With picnic breakfasts and lunches packed, we set off up the Nossob River on a large loop of the southern half of the park. Acacias along the river were home to the vivid Swallow-tailed Bee-eater and Crimson-breasted Boubou, Kalahari Robin, Marico Flycatcher, Lilac-breasted Roller and Black-chested Prinia. At around 8am sandgrouse started to come in to drink, so we focussed our attention around the waterholes, where both Namaqua and Burchell’s Sandgrouse were seen in good numbers. Other birds coming for a drink included Southern Black-throated Canary and Red-headed Finch, joined by black-back jackal. Continuing along the riverbed we saw several Kori Bustard and Secretarybird, and a beautiful cheetah lying up in the shade of a Camelthorn, watching springbok, gemsbok and blue wildebeest. As always, raptors were a feature with Bateleur, Tawny Eagle, Black-chested Snake Eagle, Martial Eagle, Greater Kestrel and White-backed Vulture seen. After lunch we headed into the dunes soon to find our first dark-maned Kalahari lion. Other noteworthy sightings were Red-crested Korhaan, and, after much searching, a few groups of Pink-billed Lark. The return trip down to Auob River was less eventful, but did produce our first Bradfield’s Lark, the large-billed, western form of Sabota Lark. A fitting end to the day was watching a mother leopard and her two large cubs stalking each other across deep orange sand dunes.

17 October: Kalahari

With one morning left, we still had not seen Verreaux’s Eagle-Owl, so we headed up the Auob River, all eyes scanning dense Kamelthorn trees. A surprise pair of Ground-scraper Thrush fed in the riverbed, but no owl was spotted, so we took the dune road across to the Nossob River. Immediately we had a pair of Lanner Falcon, and later a Desert Cisticola in the tall roadside grass. As a final resort, we travelled a short way up the Nossob River. We hadn’t gone far, when Ian, in his usual calm manner, asked to stop. Verreaux’s Eagle-Owl! He had done it again.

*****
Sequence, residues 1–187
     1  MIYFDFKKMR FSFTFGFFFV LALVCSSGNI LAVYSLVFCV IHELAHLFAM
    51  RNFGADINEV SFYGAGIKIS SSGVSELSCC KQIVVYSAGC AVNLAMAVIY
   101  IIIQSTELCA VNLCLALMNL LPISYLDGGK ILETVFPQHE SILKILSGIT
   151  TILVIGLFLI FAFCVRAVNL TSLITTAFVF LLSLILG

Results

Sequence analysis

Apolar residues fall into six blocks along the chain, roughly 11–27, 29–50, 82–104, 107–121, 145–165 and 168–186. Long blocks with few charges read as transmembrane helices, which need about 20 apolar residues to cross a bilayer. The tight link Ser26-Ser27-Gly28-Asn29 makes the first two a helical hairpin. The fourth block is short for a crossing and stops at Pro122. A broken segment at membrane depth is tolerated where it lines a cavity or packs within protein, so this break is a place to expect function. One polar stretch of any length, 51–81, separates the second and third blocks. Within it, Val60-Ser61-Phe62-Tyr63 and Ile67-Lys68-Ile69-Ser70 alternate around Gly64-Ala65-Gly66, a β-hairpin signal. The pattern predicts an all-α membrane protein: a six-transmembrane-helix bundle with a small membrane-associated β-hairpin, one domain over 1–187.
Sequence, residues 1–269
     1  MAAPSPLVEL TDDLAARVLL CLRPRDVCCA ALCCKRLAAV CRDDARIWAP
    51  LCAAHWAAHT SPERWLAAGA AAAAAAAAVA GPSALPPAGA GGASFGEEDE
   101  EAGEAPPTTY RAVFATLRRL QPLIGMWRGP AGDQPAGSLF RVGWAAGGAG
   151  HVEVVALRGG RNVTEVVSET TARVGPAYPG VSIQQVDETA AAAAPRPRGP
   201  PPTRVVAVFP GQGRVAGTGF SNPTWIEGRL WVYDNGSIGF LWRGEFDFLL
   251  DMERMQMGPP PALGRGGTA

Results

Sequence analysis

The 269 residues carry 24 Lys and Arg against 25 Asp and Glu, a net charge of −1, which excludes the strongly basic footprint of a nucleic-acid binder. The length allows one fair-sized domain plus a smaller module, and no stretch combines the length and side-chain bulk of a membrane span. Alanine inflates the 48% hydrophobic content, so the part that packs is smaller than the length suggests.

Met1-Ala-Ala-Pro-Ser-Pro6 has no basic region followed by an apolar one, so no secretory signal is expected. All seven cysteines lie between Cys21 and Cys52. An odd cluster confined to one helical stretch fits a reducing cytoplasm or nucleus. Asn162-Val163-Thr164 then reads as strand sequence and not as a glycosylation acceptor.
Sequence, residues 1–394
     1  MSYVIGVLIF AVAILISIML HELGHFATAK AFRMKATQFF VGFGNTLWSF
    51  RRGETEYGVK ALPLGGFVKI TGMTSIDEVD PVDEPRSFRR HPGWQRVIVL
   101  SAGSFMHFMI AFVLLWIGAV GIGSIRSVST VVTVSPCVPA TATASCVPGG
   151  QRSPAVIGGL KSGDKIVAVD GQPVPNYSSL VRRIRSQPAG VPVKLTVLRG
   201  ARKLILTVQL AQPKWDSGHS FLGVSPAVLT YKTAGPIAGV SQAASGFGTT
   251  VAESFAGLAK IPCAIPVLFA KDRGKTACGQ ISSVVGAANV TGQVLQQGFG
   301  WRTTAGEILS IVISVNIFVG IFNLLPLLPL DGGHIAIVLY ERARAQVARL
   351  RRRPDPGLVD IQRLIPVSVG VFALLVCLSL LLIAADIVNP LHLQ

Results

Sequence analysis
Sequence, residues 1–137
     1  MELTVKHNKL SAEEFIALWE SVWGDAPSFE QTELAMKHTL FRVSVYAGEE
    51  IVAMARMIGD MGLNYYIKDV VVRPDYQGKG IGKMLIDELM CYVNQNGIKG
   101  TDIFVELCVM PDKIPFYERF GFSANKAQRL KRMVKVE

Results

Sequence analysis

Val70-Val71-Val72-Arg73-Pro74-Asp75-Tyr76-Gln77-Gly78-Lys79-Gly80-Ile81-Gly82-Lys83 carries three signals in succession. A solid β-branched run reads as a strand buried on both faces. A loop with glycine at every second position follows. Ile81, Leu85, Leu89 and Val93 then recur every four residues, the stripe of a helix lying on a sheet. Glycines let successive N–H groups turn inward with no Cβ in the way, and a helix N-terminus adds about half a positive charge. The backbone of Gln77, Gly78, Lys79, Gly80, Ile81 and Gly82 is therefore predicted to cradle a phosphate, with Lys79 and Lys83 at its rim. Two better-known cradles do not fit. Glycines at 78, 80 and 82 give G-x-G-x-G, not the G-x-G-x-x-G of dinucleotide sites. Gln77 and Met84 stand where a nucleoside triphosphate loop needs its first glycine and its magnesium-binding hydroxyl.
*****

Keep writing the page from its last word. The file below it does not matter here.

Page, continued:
Satisfied, we turned around and headed for the Molopo River. En route we spotted a Violet-eared Waxbill, which ducked into the first bush, never to reappear. A quick dip at the lodge pool was interrupted by a Lappet-faced Vulture soaring in the distance.
Once the temperature had dropped a little, we birded the grounds of the lodge, where Green-winged Pytilia, Pearl-spotted Owl and Shaft-tailed Whydah were joined by an unexpected Diederik Cuckoo. Perhaps the most memorable sighting was a massive Cape cobra, whose every move was followed by a flock of chattering Sociable Weavers. After dark we went for a short drive, quickly locating a Southern White-faced Owl and a couple of churring Rufous-cheeked Nightjar.

18 October: Bushmanland

Rain over the previous couple of days between Upington and the Molopo River had already made a difference to the bird activity. As we drove southwards, massive flocks of Grey-backed Sparrowlark flushed from the road, one of which was joined also by a pair of Black-eared Sparrowlark, that unfortunately could not be relocated after they had flushed off the road. Once across the dunes and onto the gravel plains, we located several other larks, including our first Karoo Long-billed Lark and only Sclater’s Larks of the trip. Soon afterwards, among a flock of Sparrowlarks, several very pale Stark’s Lark were found, allowing for good comparison with the Sclater’s we had seen only half an hour previously. From Upington we continued southwards to Brandvlei, across dry and desolate plains with very few birds. Dedicated scanning for Burchell’s Courser went without reward.

19 October: Tanqua Karoo